Let me ask you a question: How many times have you looked at your phone today? You most likely don’t know, but you wouldn’t be too proud of the number either if you knew the truth. Even though we think we’re not addicted to our phones, we glance at the screens on average 80 times per day, which amounts to once every 12 minutes, or almost 30,000 times per year.
Whether it’s fear of missing out, checking out Instagram stories, or work emails, we use our phones as the last thing we do before we fall asleep and the first thing we do when we wake up—many of us checking our phones even during sleep.
Phone addiction is real, but it’s not unbeatable. Here are the reasons why checking your phone is harmful to your productivity and health, and what you can do to stop glancing at your phone so many times during the day.
Why is checking your phone all that bad?
You probably know yourself that looking at your phone screen all the time isn’t such a great idea, and there are a multitude of reasons why. Let’s start with the most striking one: depending on when they were born, the average person will spend a staggering five years and four months of their life on social media. That number doesn’t account for other phone use, such as calls, messaging, or work. Compare this with one year and one month of our total lives spent on socializing or one year and four months on exercise—not a good outlook.
Finally, it’s been scientifically proven that cell phone use takes a major toll on productivity, especially for those who depend on phones to get their jobs done. Most interestingly, the same research shows that your phone doesn’t even have to be turned on to distract you—it’s enough to be present in the same room.
Here are some tried-and-true methods on how to reduce your phone time, so you can be healthier, more productive, and have more time to do the things you enjoy.
Keep your phone physically away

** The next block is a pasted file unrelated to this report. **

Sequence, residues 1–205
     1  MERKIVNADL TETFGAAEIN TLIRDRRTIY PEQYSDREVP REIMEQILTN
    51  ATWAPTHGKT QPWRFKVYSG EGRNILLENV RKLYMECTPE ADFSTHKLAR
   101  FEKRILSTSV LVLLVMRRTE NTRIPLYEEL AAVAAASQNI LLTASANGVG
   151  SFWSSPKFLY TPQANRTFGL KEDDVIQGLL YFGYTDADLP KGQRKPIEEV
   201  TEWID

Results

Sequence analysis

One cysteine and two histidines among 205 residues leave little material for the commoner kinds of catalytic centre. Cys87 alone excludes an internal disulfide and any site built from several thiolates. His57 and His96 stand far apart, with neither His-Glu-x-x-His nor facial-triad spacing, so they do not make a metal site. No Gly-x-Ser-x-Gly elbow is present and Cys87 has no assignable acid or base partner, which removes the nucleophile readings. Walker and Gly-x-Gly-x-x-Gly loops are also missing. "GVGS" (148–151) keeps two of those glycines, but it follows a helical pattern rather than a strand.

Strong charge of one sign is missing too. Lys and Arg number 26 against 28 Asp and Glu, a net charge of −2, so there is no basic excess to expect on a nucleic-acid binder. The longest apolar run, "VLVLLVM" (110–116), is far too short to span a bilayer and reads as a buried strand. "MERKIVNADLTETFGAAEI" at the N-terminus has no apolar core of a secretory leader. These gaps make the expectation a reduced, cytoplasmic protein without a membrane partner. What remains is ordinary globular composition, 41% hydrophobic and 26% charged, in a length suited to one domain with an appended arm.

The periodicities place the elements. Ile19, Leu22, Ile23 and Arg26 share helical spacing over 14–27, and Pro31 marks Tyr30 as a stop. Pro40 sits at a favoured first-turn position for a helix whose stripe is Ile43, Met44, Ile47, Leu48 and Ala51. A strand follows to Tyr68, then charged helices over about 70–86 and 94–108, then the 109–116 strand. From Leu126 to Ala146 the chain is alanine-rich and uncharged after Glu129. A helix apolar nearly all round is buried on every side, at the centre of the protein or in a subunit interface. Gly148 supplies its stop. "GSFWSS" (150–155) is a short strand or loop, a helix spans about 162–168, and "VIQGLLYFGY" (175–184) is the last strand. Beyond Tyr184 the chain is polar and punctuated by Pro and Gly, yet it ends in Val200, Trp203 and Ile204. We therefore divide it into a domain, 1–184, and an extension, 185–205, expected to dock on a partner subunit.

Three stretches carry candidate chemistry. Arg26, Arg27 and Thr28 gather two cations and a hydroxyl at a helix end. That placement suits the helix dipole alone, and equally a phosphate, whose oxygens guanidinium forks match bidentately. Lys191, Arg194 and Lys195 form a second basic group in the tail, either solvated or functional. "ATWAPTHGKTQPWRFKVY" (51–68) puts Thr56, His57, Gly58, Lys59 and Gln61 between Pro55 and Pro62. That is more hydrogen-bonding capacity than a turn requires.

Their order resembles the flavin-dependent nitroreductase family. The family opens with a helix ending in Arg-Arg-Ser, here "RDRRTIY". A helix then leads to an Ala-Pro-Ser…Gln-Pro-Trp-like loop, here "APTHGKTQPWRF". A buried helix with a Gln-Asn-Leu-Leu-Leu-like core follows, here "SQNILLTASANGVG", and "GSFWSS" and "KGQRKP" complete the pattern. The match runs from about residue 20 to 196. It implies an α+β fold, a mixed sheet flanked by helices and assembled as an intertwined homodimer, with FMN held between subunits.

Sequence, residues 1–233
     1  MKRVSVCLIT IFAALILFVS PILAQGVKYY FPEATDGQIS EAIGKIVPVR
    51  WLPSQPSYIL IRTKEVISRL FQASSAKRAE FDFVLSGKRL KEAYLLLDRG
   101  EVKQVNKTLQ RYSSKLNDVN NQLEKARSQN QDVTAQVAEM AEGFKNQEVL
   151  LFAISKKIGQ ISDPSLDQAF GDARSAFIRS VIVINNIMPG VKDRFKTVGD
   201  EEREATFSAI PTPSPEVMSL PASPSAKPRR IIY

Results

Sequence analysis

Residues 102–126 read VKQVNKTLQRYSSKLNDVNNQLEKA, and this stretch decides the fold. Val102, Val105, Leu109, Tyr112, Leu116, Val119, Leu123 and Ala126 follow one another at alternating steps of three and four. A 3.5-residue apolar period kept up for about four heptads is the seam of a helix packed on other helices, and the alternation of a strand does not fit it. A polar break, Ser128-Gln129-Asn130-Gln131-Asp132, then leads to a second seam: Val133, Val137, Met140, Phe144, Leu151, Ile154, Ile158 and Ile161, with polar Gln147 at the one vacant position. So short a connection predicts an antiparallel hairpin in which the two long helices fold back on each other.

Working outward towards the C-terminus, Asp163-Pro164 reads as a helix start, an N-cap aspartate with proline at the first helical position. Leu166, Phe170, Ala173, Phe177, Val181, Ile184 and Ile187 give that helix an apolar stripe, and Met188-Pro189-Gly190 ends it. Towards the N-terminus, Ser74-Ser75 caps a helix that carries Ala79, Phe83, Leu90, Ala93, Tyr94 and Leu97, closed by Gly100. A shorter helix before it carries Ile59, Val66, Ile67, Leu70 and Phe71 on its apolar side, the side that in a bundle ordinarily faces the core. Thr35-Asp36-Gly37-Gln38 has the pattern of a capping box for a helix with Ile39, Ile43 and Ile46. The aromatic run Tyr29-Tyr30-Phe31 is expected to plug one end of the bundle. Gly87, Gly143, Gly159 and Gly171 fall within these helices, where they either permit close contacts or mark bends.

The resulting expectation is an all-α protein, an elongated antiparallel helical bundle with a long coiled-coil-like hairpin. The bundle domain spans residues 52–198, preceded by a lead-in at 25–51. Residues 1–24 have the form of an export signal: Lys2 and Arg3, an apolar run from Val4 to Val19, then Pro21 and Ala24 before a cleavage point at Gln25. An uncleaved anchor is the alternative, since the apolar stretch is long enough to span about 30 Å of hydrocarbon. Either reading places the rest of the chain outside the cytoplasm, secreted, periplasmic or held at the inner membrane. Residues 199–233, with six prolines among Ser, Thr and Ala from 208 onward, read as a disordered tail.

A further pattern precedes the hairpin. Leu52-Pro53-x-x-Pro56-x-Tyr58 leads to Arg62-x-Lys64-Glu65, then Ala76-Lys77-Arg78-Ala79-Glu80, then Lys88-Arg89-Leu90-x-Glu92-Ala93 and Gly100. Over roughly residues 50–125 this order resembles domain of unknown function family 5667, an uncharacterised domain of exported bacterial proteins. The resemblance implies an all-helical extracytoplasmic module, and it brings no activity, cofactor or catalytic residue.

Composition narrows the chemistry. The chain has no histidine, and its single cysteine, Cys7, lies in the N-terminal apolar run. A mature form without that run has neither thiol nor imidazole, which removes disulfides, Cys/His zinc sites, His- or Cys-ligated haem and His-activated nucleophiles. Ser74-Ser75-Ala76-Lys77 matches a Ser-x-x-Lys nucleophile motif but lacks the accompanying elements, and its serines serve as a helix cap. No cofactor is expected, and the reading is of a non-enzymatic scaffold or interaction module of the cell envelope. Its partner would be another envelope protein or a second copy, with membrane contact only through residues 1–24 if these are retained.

As mentioned above, your phone will be a hazard to your productivity, no matter if your notifications are turned off or the whole device is switched off. If you don’t need your phone for work or any urgent tasks, keep it at the other end of the room or in a separate room. Out of sight, out of mind, and you can get on with your work without interruptions.
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Track your phone use
The first step toward determining how much time you spend on your phone is to analyze it using numbers. You can do this via your phone’s operating system, which will provide you with basic information about how much time and battery was spent on each app on your phone.
For a more detailed observation, you can install an app such as Moment, which lets you see the apps you’ve used, how much time was spent on each, as well as how many times you’ve picked up your phone and glanced at it during the day.
By analyzing your phone use patterns, you will be able to accomplish two things. First, you’ll find out you probably spend a lot more time on the phone than you anticipated, and second, you’ll find behavior patterns. If an app or process is taking too much time from your day without being productive, it’s time to decrease its use.
Do something else instead
It probably sounds too simple, but this is one of the most efficient ways to hinder your cell phone use. Instead of eliminating the habit, just replace it with something else. After all, we check our phones the majority of the time when we’re waiting for something: in line at the store, for our food to arrive, for the green light to turn on, for a meeting or a class to begin.